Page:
I am appalled by the vast majority of those who are quick to proclaim themselves as Christians or devout Catholics, who cloak themselves in religious doctrine to the extent they set aside human dignity for their fellow man.

These individuals are so quick to try and justify their prejudice through a “book” written thousands of years ago in Hebrew (with the exception of a few chapters written in Aramaic). It was written during an era when the language did not even have “words” for some of the things “Christians” and others of faith attempt to pass judgment on today. For instance, many assume God held homosexuality in disfavor when only one or two scriptures make mention of persons of the same gender laying with one another. (Even then, it takes a stretch of the imagination and gross misinterpretation of those scriptures to justify their stance on the matter.)

Leave the judging to He who knows us bestThose who use the Bible to justify their prejudice against (and the hatred or disgust they feel toward homosexuals) more often than not will disregard all scripture which may present their own actions in an unfavorable light. Such persons choose instead to focus ONLY on passages that appear to support their not so Godly agendas. They much prefer to criticize and condemn rather than leave the judging up to Another who might know our hearts so much better than our peers EVER could.

How ironic is it that they cannot see the correlation between the arguments used by those who preceded them, who relied on the Bible in a failed attempt to justify slavery and preempt couples of mixed races from following THEIR OWN hearts and marrying one another? Those same arguments are eerily similar to the ones given in the “present day” while trying to prevent same-sex couples from marrying, a right opposite-sex couples often take for granted. (We simply wish to secure the same protections for our loved ones as any other “married couple” might enjoy under the (sic) watchful eyes of the government.)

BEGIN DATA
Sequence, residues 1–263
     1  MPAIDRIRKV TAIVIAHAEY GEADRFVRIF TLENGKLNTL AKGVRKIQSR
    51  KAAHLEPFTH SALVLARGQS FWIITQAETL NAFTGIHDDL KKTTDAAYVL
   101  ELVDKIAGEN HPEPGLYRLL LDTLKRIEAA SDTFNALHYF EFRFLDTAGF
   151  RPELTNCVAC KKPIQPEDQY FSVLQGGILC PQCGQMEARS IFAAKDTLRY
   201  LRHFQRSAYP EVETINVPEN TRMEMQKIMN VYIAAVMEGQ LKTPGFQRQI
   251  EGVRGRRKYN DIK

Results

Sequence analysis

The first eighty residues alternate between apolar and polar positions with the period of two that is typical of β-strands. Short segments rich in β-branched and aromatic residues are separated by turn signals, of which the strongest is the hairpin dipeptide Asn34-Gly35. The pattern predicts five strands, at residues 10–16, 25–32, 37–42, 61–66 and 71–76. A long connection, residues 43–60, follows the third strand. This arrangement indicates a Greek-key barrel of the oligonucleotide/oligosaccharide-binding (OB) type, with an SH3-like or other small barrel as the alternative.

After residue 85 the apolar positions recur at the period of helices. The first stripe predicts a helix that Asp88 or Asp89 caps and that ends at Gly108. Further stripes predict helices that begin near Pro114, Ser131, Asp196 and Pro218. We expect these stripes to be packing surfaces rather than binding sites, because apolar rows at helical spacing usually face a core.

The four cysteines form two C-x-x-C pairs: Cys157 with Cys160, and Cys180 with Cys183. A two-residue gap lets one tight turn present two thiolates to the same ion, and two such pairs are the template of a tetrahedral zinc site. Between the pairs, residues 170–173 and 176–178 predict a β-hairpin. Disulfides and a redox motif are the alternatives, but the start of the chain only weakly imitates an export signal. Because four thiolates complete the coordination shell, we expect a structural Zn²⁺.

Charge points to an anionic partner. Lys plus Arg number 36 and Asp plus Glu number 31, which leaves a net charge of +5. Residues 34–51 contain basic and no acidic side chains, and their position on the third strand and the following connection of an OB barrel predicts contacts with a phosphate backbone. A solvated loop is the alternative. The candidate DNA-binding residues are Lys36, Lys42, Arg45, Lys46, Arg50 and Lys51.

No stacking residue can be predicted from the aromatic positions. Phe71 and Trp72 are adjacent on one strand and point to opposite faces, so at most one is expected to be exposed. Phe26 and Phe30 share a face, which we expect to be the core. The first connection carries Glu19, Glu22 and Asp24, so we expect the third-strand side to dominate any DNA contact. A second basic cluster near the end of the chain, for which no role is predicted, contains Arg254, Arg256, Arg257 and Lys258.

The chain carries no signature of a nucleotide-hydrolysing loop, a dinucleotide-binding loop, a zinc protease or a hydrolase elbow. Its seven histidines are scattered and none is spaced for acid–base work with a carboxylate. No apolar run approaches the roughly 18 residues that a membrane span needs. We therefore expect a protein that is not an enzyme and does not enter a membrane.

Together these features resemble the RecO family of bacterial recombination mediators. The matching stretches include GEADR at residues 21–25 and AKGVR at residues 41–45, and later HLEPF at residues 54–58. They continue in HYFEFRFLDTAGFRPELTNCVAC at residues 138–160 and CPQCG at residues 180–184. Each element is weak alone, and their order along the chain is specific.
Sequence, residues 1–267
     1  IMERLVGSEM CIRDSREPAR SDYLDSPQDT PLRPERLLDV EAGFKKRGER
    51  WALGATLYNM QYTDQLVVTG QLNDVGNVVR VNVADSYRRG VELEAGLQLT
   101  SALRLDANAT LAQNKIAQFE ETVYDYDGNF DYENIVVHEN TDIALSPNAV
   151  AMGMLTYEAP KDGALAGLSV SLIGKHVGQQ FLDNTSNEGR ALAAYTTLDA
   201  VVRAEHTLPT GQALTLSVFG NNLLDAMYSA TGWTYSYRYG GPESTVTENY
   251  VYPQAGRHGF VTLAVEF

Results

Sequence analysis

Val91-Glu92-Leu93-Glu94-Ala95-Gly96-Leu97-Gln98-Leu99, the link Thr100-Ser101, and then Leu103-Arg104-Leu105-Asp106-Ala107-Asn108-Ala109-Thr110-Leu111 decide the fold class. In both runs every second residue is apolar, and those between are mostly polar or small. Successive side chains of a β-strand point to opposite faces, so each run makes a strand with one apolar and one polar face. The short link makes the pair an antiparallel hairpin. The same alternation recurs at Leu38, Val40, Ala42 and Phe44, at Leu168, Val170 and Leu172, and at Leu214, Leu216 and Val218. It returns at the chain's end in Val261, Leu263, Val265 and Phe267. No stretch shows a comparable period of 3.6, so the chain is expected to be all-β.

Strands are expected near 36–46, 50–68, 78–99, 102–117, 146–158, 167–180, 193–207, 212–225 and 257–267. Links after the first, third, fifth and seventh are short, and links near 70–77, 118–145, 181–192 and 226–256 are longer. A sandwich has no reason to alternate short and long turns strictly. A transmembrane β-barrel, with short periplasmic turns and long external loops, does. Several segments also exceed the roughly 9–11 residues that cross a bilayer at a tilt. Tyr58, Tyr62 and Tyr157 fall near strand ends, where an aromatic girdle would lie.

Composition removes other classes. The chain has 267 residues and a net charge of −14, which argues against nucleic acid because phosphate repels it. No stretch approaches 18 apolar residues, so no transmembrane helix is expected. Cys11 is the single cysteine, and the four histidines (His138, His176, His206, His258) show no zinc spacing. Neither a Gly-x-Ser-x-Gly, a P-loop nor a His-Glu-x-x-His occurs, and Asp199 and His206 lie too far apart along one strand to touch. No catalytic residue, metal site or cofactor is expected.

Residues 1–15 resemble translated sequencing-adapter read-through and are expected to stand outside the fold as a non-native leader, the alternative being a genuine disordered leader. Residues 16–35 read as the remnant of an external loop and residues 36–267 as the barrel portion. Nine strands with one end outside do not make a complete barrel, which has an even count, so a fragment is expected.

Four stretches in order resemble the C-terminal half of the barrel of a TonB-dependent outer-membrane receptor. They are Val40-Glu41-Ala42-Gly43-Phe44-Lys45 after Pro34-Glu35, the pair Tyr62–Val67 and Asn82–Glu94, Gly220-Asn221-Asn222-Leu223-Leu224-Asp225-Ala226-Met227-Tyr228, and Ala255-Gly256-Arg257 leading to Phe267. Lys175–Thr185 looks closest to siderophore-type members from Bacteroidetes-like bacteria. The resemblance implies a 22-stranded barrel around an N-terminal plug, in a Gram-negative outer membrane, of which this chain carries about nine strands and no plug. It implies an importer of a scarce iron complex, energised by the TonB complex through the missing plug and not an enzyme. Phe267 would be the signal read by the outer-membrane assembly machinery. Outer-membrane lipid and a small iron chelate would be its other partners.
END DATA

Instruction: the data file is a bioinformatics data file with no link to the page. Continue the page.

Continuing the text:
But setting aside the issue of marriage equality for now…


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To paraphrase

05 Jun

For those who can’t seem to wrap their heads around homosexuality, who justify their prejudice by regurgitating misinterpreted scripture from the Bible (or don’t even make that much of an effort to excuse their narrow-mindedness)…

Instead of focusing on “what you believe” sets us apart, why not try understanding how much we have in common (with you)? We bleed the same, we love the same, there are many gay men and women who yearn to raise families… A good many of us are faithful/spiritual/religious; a good many MORE would be if only we weren’t always being told God doesn’t condone our acceptance of ourselves. We live, we die, we work, we play… We are sons, daughters, brothers, sisters, fathers, mothers, aunts, uncles and grandparents. Some are over-achievers while others; well, not so much (no different than any other group of persons I suspect). Some of us are fit while others are chubby; some are clean cut and others identify as “goth.” Some work as models, hair stylists, artists (right alongside their/our straight counterparts). Still others make their living as lawyers, firemen (and women), police officers and judges, accountants, CEOs, ditch diggers, fry cooks and any number of other jobs that your average run of the mill straight guy or gal might hold. Heck, just like our heterosexual peers, some of us even play professional sports. There isn’t one single segment of society where we aren’t represented. All one need do is keep an open mind and quit spending all of his/her spare time worrying about what we’re doing behind closed doors, at home and in our own bedrooms with the one we fell in love with (who is every bit as important and an integral part of our lives as your own might be to you).

I’m not saying that every gay man or lesbian fits a certain mold. Certainly there are some who are promiscuous and hesitate to settle down, no more so than any straight man or woman in the world who feels the same calling to play the field … but don’t judge us all by the actions of some.

…If you still don’t see how much alike we are, you and I, then you’re really not trying all that hard.

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Ellen Degeneres and two-million moms

11 Mar

I don’t watch the show regularly but I have a lot of respect for Ellen DeGeneres. Her talk show is always positive and upbeat. When she is addressing a serious topic that has made the news, she doesn’t “react” irrationally but rather instead, she gives her opinion and [often] even interjects a bit of humor simultaneously.

So, what’s the problem?